Do voters know enough to make good decisions about scientific issues?

In November, California voters need to decide whether or not GM foods should be labeled as such. They are making this decision even though a recent study shows that 49% of the people surveyed think that GM foods have genes whereas regular foods do not. Is this any way to run a democracy?

Imagine that 49% of people thought that the heart and not the brain runs the body. Now imagine that voters get to decide whether a new brain surgery to treat a mental illness is used or not. How would you vote if you thought the heart was where mental illness came from?

Now this is probably too dramatic an example. After all, at least here in the U.S., GM foods aren’t a matter of life and death for anyone. They have pretty much been shown to be safe and they help farmers improve yield, but if they were eliminated, there’d be no immediate problem.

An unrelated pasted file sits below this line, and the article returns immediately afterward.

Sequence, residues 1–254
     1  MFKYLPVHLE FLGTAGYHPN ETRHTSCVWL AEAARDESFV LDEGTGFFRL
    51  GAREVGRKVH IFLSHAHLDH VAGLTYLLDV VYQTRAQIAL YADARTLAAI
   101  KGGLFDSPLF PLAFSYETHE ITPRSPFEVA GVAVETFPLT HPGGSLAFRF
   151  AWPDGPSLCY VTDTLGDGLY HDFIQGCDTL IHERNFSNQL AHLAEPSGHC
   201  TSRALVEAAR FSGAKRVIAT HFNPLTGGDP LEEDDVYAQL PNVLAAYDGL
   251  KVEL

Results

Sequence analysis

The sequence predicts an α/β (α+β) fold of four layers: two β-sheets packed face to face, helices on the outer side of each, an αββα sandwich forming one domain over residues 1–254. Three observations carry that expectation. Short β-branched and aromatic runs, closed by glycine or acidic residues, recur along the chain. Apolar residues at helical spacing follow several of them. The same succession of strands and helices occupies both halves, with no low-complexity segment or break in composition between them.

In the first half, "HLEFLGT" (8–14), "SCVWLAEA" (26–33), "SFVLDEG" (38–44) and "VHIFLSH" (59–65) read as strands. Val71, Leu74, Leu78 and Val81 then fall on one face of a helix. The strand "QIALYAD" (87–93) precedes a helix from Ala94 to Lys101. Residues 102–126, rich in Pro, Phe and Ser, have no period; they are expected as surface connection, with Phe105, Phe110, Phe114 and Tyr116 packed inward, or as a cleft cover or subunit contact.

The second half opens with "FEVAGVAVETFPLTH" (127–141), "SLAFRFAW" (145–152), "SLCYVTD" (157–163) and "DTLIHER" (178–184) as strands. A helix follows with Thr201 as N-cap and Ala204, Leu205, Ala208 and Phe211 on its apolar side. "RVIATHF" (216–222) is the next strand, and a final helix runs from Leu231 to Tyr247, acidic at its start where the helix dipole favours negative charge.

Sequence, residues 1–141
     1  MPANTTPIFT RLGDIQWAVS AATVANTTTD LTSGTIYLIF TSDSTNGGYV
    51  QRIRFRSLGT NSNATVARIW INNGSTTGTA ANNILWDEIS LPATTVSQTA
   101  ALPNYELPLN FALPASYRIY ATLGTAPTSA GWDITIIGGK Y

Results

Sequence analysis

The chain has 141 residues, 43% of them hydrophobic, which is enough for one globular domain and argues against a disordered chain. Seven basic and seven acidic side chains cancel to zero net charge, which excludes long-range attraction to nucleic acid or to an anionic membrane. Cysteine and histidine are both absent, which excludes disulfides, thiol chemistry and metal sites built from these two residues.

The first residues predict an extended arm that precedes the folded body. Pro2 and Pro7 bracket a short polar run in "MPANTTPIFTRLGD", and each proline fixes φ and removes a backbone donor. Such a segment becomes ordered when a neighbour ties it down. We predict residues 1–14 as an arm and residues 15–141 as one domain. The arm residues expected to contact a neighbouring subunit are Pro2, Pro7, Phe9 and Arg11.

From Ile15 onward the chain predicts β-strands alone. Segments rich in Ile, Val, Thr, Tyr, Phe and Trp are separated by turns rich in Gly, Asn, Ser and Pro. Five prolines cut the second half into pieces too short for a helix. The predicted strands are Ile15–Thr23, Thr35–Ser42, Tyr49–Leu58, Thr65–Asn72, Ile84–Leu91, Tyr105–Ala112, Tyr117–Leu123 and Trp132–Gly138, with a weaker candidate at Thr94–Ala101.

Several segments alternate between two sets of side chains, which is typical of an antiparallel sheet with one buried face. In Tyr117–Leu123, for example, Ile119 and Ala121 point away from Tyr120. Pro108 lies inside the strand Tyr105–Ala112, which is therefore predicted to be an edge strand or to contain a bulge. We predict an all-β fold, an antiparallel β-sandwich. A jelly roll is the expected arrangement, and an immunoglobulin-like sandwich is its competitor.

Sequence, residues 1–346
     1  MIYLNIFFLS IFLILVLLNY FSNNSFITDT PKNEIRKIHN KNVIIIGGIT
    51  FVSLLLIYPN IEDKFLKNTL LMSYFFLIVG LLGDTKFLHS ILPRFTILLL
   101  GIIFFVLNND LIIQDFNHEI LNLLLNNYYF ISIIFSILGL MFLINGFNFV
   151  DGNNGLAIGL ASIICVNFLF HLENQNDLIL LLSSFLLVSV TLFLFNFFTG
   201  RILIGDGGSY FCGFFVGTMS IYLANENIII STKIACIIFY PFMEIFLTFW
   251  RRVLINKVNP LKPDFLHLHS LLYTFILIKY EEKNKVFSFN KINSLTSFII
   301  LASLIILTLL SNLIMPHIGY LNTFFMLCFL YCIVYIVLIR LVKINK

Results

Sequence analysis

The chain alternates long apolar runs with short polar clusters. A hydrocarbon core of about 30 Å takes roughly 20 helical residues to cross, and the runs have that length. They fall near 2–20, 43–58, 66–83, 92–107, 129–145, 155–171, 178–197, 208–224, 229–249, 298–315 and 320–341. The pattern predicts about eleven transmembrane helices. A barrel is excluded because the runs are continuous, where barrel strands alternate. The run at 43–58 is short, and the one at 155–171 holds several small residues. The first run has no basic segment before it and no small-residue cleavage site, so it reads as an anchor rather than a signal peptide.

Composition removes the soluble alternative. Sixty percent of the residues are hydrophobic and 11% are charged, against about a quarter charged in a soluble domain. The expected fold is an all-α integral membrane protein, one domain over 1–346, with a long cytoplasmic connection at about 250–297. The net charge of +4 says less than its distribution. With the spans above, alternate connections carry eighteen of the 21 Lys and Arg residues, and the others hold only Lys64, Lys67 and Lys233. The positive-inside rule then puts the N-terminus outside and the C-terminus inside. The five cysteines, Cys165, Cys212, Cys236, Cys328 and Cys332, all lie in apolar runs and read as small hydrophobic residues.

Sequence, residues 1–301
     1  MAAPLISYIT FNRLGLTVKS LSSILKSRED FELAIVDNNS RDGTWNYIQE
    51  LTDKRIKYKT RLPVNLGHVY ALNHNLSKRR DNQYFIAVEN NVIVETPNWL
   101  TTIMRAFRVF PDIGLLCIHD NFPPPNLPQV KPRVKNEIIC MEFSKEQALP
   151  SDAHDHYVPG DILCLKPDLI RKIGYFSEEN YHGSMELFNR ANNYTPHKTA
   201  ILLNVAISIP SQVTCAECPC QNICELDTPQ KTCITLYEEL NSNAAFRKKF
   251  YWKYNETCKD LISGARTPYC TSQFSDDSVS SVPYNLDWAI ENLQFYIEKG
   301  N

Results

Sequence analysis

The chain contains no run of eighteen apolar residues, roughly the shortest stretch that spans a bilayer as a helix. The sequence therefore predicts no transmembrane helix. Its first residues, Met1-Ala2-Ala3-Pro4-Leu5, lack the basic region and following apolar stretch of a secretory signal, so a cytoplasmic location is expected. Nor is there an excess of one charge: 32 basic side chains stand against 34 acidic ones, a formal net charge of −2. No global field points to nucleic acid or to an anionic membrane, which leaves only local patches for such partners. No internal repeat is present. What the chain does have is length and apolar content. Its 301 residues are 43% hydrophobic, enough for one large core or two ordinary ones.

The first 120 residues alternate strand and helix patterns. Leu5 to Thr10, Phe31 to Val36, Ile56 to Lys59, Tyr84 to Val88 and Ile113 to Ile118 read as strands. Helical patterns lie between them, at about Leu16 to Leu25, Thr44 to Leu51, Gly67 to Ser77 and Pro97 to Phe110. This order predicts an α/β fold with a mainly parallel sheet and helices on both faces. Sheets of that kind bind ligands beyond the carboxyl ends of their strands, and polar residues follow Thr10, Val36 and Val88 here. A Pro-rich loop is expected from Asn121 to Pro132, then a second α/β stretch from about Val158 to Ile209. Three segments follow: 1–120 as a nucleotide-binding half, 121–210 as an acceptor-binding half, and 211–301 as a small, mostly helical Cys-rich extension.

But this may not always be true. And in fact, it isn’t really true in other parts of the world either.

Between 250,000 and 500,000 kids go blind in the world each year because they don’t get enough vitamin A in their diet. I have seen statistics that suggest that half these kids die within a year.

These kids suffer because they eat mostly rice and rice has no vitamin A. So a kind hearted scientist (not an “evil” corporation) set out to create a rice that makes enough vitamin A to maybe help these kids from going blind and so keep them alive. Thus was golden rice born.

Unfortunately for kids in the developing world, roadblocks have been put up that prevent this crop from being planted. A few determined people have finally managed to push aside these barriers so that golden rice will be planted soon. It is too late for the millions of blind and dead kids, but at least many more might be saved in the future.